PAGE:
SAT Subject Tests: What are They and What are the Alternatives?

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Education consultant Mandee Heller Adler of International College Counselors offers advice on the SAT Subject Tests prior to the October 3, 2015 test date.

International College Advisors

International College Counselors

There is absolutely no downside to sending a school a high score on any of the SAT Subject Tests.

Although less and less common, some schools still ‘recommend,’ ‘welcome,’ or ‘encourage’ students to take the SAT Subject Tests for college admissions. At a number of selective schools, scores on the SAT Subject tests are mandatory requirements for admissions. And at other schools, students have the option to take other standardized tests like the ACT, IB or AP exams in lieu of the SAT Subject Tests. So what exactly are the SAT Subject Tests? Should students take them? And what are alternative options?

SAT Subject Tests Overview

SAT Subject Tests are hour-long tests that allow students to showcase their excellence in five general subject areas: English, history, languages, mathematics and science. SAT Subject Tests allow a student to differentiate her or himself in the college admission process and-or to show readiness to study specific majors or programs in college. Some colleges also use Subject Tests to place students into the appropriate courses. High scores on the Subject Tests may also allow a student to fulfill basic requirements or receive credit for introductory-level courses. There are 20 SAT Subject Tests.

The next SAT Subject tests are being offered on October 3, 2015. The last day to register is September 22.

Should Students Take the SAT Subject Tests?

For students applying to selective schools, education consultants at International College Counselors highly recommended that students take the Subject Tests after completing the year-long course in that particular subject. The reason is simple: the information is still fresh in students’ minds and schools can change requirements again next year. The best bet is to have them, in case a school requires them. Additionally, if a highly selective school, like Princeton or Yale, says it does not require Subject Tests, but they are recommended, do not be fooled. There are thousands and thousands of students sending their scores in. “Recommended,” “encouraged,” and “welcomed” are the new “required.”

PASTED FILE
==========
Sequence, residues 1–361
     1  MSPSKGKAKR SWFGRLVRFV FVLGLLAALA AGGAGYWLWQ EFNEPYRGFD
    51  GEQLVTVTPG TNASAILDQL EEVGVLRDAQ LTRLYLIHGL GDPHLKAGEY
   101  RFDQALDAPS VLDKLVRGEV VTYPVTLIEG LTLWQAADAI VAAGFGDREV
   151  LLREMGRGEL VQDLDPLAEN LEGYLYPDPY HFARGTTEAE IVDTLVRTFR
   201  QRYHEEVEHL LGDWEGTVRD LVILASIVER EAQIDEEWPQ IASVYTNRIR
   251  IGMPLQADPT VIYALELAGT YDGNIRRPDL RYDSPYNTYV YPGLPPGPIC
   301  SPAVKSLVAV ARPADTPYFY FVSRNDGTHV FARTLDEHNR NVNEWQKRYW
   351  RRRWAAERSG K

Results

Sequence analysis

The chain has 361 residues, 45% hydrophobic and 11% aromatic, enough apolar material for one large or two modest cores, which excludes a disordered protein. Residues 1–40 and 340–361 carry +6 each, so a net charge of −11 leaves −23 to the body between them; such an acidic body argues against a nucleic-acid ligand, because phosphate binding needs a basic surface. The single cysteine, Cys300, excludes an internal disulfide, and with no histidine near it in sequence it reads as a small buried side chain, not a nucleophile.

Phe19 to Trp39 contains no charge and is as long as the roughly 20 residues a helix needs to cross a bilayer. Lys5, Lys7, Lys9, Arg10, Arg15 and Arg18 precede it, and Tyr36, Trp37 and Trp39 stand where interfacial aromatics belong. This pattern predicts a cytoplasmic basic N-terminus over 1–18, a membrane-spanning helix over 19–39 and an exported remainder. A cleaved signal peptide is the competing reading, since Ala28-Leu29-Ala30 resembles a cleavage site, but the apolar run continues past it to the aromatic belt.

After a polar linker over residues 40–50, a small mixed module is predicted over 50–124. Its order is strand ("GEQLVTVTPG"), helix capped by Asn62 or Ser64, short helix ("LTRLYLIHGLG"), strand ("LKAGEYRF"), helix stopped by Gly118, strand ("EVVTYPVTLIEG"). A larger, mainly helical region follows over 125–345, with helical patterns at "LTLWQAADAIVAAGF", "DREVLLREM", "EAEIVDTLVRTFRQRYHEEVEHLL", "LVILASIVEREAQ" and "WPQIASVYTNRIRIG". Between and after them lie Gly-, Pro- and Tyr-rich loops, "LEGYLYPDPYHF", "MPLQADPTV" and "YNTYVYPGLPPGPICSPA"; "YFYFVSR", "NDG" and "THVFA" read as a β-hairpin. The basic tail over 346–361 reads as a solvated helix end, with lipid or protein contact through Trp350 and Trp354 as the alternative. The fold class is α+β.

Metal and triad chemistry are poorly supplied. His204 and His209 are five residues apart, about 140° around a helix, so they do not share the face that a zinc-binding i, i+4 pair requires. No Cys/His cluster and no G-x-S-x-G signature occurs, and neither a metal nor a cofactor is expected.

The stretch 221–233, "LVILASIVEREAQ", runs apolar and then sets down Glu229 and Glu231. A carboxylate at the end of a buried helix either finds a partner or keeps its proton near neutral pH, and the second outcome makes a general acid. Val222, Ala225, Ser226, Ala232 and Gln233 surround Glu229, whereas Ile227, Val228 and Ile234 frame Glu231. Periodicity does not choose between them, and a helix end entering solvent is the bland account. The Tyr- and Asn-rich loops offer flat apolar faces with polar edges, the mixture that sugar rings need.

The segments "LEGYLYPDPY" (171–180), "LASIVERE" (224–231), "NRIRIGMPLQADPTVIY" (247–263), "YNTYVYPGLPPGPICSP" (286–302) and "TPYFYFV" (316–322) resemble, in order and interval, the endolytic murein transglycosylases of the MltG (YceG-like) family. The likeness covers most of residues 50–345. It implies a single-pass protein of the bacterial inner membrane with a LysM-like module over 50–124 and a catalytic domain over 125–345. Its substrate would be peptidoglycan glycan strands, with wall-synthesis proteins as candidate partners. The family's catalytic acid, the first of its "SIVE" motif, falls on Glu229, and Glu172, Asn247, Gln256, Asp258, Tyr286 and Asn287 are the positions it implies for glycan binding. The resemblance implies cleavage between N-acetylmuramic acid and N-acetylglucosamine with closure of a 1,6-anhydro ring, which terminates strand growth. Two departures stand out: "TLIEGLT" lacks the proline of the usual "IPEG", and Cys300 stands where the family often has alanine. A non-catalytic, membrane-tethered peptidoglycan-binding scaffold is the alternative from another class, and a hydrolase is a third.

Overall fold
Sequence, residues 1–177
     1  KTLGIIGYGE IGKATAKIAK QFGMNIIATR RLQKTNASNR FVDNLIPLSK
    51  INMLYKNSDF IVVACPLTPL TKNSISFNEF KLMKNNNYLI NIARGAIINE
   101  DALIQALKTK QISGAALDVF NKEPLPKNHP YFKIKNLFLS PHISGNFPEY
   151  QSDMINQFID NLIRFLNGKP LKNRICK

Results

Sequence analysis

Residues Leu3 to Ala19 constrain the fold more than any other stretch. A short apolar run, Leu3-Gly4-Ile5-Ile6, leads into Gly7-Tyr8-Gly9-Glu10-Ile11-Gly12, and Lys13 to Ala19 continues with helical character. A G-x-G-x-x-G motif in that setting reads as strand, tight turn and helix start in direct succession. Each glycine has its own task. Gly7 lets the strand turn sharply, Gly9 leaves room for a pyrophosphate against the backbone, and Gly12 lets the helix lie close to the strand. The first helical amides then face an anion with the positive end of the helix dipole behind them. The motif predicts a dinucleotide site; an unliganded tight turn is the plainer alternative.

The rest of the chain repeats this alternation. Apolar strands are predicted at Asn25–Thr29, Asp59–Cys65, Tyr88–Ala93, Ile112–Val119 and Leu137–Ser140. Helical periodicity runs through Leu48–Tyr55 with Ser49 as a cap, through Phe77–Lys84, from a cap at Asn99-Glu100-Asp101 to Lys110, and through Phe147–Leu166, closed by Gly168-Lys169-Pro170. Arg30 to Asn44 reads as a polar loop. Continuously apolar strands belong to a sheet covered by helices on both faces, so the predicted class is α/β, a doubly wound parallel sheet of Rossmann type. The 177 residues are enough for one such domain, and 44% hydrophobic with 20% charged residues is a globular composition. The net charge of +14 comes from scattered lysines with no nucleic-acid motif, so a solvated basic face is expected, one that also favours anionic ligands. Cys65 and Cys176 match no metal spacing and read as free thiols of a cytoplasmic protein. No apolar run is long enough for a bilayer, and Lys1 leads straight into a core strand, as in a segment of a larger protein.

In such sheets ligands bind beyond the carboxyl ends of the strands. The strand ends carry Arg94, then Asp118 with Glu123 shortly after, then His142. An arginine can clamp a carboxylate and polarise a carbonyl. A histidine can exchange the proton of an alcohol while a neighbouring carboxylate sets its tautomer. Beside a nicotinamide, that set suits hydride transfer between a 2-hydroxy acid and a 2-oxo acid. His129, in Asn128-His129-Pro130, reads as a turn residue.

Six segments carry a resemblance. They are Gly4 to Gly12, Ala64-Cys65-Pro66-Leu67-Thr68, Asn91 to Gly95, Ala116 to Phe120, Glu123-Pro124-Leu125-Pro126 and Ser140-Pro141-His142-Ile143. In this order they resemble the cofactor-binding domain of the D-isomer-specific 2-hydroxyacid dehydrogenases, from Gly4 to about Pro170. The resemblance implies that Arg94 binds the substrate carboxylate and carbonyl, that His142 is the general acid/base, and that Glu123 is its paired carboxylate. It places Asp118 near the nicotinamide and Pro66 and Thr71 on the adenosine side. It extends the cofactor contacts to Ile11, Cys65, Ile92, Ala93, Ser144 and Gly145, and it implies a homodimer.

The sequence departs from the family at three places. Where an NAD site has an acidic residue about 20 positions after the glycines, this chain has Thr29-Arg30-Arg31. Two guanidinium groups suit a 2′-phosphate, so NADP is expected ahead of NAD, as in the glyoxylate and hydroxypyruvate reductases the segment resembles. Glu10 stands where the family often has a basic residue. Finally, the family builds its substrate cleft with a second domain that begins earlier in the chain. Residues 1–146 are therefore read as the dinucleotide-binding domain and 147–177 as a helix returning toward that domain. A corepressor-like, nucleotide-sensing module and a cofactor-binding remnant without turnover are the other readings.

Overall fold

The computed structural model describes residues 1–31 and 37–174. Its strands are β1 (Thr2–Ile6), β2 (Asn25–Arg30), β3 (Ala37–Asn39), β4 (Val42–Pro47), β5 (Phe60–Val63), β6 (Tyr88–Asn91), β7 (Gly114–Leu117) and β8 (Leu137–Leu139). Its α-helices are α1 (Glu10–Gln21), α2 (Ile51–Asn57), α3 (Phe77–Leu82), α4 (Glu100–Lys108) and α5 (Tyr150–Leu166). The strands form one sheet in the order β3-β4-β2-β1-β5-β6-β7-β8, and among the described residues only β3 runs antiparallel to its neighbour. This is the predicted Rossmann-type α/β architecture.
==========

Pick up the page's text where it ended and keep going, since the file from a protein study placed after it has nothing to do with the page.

“There is absolutely no downside to sending a school a high score on any of the SAT Subject Tests,” said Mandee Heller Adler, founder of International College Counselors.

Alternatives to Taking the SAT Subject Tests

At some schools, students have the option to take the ACT in lieu of a combination of the SAT and SAT Subject Tests. Other schools allow students to use IB or AP exam scores. For students who dislike standardized tests, these options are perfectly acceptable, and at the same time, help families save money by not having to pay the SAT Subject Test registration fees.

Colleges that Require, Recommend or Utilize SAT Subject Tests

On the International College Counselors website is a list of colleges that require, recommend or utilize SAT Subject tests in admission or for placement/credit for the 2015-2016 school year. In all cases, however, students need to be certain to double-check with the school(s) to which they are applying to assure that information on SAT Subject testing is both accurate and up-to-date.

About International College Counselors
The expert educational consultants at International College Counselors are dedicated to helping students and their families from across the country and all over the world find, apply to, and gain admission to the college of their dreams. Students and families who would like to learn how to successfully navigate the college admissions process, please contact International College Counselors expert college advisors at http:// [ __title__ ] or call 954-414-9986.

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Cheree Liebowitz
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